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Posted 24 September 2016 - 03:32 AM

Thank You Charles. I will consider this in moving forward.

 

Hi Craig,

 

Frankly i think this one is self-explanative. It's a generic requirement to minimise potential for cross- contamination.

You might consider the specific issue as a locational corollary to hands-free handwashing equipment.

 

A few examples -

 

AIB Consolidated Standards
1.16  Waste Material Disposal
Waste materials and their removal are managed to avoid contamination.
       Critical Requirements
1.16.1.1        Trash or inedible waste is stored in properly covered, labeled containers.
1.16.1.2        Waste containers are emptied at least daily.
1.16.1.3        Trash or inedible waste does not come in contact with raw materials, work-in-process, or finished product at any time.
1.16.1.4        Licensed contractors remove waste, where required.
1.16.1.5        Waste disposal meets regulatory requirements.

 

 

SQF Guidance 11.9.1

Waste handling, storage and disposal procedures include how waste is contained in appropriate, covered and labeled containers; frequency of disposal; how it is disposed of; and who is responsible for waste handling and disposal


Exterior waste containers need coverage or lids to prevent attracting flies or vermin.  It is also advisable to secure waste containers in regards to site security requirements.


Kind Regards,

 

Charles.C


#7 Craig L.

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Posted 26 September 2016 - 04:34 PM

Hi Craig,

 

Frankly i think this one is self-explanative. It's a generic requirement to minimise potential for cross- contamination.

You might consider the specific issue as a locational corollary to hands-free handwashing equipment.

 

A few examples -

Thank You Charles,

 

Looks like we will go back to covered containers at our sinks. I should have asked the group before making this change.

Always learning.

 

Regards,

Craig



#8 Ryan M.

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Posted 26 September 2016 - 08:22 PM

Thank You Charles,

 

Looks like we will go back to covered containers at our sinks. I should have asked the group before making this change.

Always learning.

 

Regards,

Craig

First I heard of an auditor or inspector bring up the potential to recontaminate your hand(s) by throwing away towels.  Maybe you can put together a specific procedure where the persons use the towel and not the hand to push open the lidded container?  Then an easy verify/validation with ATP or micro swabbing of hands before and after.

 

Interesting nonetheless...



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#9 Mulan1010

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Posted 26 September 2016 - 08:51 PM

We are not FDA Regulated but we are SQF Certified for Level 3 and have been for 7 years now.  We have had the type of trash container you described and use them all over our plant in Raw and RTE areas as they are easy to clean and maintain.  We just do not allow the containers to get full above the wire rim.  We do have designated employees who are responsible for picking up items from floor and handling the trash bags and it has worked very well for us and we have never had an issue with the SQF Auditor.  Personally I think the design is much more sanitary than an enclosed container that you have to clean and maintain in a working manner as the concept is the same.  If the enclosed container gets too full the trash will overflow, lid or no lid or someone will have to cram the trash down for the lid to close.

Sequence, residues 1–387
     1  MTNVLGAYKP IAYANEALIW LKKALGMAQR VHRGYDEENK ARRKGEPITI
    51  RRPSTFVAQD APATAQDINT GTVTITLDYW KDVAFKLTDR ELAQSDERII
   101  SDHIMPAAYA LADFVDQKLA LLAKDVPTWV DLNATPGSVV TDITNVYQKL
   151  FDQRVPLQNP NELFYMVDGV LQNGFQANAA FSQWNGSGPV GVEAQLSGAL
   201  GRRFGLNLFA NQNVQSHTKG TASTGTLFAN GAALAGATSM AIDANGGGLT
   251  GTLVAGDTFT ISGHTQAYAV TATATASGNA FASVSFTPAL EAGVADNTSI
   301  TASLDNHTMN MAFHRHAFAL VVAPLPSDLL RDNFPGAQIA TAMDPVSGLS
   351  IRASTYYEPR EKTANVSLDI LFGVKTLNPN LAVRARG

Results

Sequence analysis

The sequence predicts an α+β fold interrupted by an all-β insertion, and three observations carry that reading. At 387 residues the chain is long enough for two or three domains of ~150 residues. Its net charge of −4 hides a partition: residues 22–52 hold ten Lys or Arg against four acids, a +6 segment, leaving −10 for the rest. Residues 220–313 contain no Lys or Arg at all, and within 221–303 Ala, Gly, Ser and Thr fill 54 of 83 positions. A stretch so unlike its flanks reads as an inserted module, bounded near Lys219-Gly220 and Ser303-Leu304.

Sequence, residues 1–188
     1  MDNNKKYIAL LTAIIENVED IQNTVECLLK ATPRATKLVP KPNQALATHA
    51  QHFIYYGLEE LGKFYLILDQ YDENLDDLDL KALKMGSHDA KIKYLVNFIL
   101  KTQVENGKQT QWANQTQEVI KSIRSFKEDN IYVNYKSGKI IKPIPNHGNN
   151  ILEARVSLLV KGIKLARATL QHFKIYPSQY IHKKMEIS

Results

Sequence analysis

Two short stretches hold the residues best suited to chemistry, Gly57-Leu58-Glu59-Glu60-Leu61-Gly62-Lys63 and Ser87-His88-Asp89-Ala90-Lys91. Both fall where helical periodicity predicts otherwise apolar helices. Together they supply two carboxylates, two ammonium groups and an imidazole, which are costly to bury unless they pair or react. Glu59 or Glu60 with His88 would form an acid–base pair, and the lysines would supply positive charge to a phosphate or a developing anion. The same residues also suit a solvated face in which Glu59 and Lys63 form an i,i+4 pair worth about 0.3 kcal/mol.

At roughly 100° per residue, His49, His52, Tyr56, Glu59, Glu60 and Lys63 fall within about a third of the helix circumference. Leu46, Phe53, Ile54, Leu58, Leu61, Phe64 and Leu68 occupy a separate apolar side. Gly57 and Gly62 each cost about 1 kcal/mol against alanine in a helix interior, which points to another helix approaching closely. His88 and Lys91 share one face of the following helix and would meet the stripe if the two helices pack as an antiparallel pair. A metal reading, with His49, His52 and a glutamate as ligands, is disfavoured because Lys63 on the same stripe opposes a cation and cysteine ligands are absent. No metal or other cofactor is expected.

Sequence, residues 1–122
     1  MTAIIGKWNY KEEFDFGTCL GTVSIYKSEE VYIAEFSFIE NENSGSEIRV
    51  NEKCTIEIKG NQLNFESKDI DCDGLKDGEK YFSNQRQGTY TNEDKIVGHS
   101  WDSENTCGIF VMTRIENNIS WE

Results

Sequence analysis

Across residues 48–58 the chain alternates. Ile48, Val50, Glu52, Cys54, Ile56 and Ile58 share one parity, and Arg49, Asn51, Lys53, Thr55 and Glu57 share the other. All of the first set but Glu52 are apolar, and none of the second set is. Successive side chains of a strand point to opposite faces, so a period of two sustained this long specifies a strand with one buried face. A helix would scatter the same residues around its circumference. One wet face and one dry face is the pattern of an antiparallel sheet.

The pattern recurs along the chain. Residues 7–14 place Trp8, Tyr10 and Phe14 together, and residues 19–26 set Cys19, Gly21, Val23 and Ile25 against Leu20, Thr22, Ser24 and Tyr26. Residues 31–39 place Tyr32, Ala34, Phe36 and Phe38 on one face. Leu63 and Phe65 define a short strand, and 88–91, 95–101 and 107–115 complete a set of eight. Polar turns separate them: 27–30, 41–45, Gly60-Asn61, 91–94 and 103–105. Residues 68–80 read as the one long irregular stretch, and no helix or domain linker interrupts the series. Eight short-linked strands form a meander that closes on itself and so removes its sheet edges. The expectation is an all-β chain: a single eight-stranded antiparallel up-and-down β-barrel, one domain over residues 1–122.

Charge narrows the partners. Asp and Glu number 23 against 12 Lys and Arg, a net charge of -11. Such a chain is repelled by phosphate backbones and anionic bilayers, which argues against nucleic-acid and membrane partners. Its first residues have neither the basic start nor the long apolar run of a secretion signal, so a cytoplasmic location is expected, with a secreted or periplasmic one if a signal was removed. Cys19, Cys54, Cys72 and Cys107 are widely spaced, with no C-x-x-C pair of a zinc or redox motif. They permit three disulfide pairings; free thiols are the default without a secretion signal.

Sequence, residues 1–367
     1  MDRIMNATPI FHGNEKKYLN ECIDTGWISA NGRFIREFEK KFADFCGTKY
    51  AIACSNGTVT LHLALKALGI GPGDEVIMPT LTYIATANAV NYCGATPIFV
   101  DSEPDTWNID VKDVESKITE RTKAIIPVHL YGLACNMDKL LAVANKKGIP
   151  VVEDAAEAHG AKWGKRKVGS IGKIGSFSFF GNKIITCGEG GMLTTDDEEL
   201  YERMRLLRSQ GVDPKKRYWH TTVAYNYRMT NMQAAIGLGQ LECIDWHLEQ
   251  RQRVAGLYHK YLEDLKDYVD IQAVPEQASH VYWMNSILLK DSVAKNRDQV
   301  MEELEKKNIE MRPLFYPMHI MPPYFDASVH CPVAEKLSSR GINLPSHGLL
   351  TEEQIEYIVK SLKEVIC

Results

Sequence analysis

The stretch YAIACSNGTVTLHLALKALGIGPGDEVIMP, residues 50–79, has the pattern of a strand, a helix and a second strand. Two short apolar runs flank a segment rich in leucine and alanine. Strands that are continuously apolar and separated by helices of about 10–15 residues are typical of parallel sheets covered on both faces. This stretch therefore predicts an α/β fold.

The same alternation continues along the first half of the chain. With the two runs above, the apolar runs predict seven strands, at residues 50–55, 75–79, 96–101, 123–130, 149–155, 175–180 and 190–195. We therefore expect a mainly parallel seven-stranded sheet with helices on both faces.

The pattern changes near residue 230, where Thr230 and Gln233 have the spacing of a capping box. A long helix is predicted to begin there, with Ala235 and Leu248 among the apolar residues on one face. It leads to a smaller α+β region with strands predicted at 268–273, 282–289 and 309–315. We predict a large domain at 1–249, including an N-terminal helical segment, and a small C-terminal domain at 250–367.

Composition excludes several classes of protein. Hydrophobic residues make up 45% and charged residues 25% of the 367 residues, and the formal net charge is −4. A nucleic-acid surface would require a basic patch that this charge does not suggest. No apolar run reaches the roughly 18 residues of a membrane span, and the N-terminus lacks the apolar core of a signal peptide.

#10 Charles.C

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Posted 26 September 2016 - 11:10 PM

We are not FDA Regulated but we are SQF Certified for Level 3 and have been for 7 years now.  We have had the type of trash container you described and use them all over our plant in Raw and RTE areas as they are easy to clean and maintain.  We just do not allow the containers to get full above the wire rim.  We do have designated employees who are responsible for picking up items from floor and handling the trash bags and it has worked very well for us and we have never had an issue with the SQF Auditor.  Personally I think the design is much more sanitary than an enclosed container that you have to clean and maintain in a working manner as the concept is the same.  If the enclosed container gets too full the trash will overflow, lid or no lid or someone will have to cram the trash down for the lid to close.

 

Hi Mulan,

 

I suggest for yr next audit you can ask the opinion of the auditor. Should be interesting.

 

How about yr waste containers outside ? Same Principle and approval by SQF?

 

It is possible that this is a distinction in Custom rather than Sanitation ?.

 

@rmills - How about hands-free taps ? Another superfluous requirement ? At least they haven't stretched to the door knobs yet. :smile:


Kind Regards,

 

Charles.C


#11 Mulan1010

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Posted 27 September 2016 - 03:14 PM

The waste containers outside are and should be covered per the SQF Code.  The SQF Auditor does tour the grounds and checks on the trash and debris storage area.  We used to have containers for trash inside the plant but it is just another item to keep up and ensure it is cleaned properly and not damaged so it was a much better opportunity, sanitary and monetary, for us to use very simple wire frames and place a plastic bag for containing trash inside the facility.  We have had 4 different auditors during our audits with SQF and all have been okay with it. 



#12 Craig L.

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Posted 27 September 2016 - 04:04 PM